This technique allowed for more precision when getting a tattoo. While the designs were varied, this tattooing technique was known to be extremely painful.

Maori culture: Tāmoko technique

The Maori are the indigenous people of New Zealand, and their tattoos hold significant cultural and spiritual significance. The Maori tattoo technique, known as the Tāmoko technique (tattoo on the face), involved cutting into the skin and then filling the cuts with ash.

The Modern Tattoo Gun

Now that you know many of the traditional tattoo tools that were used in different cultures around the world, when was the modern tattoo gun invented?

While Thomas Edison is best known for inventing the lightbulb, did you know that in 1875, he also invented the electric pen?

The pen was a hand-held implement with an electric motor mounted on the top. It required the operator to have advanced battery knowledge to maintain it. However, typewriters were much more accessible to the average person, so the electric pen never gained popularity.

However, despite its initial flop, Edison’s electric pen was the inspiration for the first electric tattoo machine. Fifteen years after Edison designed his electric pen, Irish-American tattooist Samuel O’Reilly was granted a US patent for the world’s first tattooing needle.

Before O’Reilly’s invention, tattoo artists had only been able to perforate the skin two or three times per second. However, O’Reilly’s invention could perforate the skin at 50 times per second, which revolutionised the way tattoos were done.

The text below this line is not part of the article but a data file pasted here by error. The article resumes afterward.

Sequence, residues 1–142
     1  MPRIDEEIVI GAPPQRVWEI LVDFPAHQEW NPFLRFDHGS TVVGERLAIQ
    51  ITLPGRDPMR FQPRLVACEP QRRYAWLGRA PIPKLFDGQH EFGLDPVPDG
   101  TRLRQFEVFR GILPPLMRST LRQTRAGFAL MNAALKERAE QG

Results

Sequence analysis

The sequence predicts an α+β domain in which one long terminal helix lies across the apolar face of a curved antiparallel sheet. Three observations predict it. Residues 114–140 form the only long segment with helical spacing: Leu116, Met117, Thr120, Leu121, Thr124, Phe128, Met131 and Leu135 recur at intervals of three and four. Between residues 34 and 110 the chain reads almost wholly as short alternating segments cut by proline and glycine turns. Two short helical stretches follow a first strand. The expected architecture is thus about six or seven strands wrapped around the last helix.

One hundred and thirty years after the invention of the electric tattoo gun, not a lot has changed. How does the tattoo gun work today? The same as it always has. However, now the needles can pierce the skin up to 200 times per second.

Get Your Next Tattoo At Celebrity Ink

From piercing the skin with bamboo to the modern tattoo gun, tattoo tools have come a long way since tattoos first began.

If you’re looking to get a new tattoo in a welcoming environment with sterile equipment, look no further than Celebrity Ink. Our talented and experienced tattoo artists specialise in various tattoo styles, including fine lines, mandalas, geometrics, and more.

Book an appointment at your nearest Celebrity Ink studio to see how we can bring your tattoo vision to life.

Get your next tattoo at Celebrity Ink

The team at Celebrity Ink can provide you with not only a tattoo that tells your story but also detailed aftercare information that goes beyond the question of how long does a tattoo take to heal.

Our team sets standards in tattoo design while working alongside you to bring your vision to life. Whether you’re seeking traditional tattoos, realistic designs, mandalas, or any other, we have artists specialising in a range of tattoo styles that can provide you with the tattoo you have envisioned.

Book a consultation to discuss your tattoo design, get in contact with the crew at Celebrity Ink, and we will lock you in for your next ink session.
Find a studio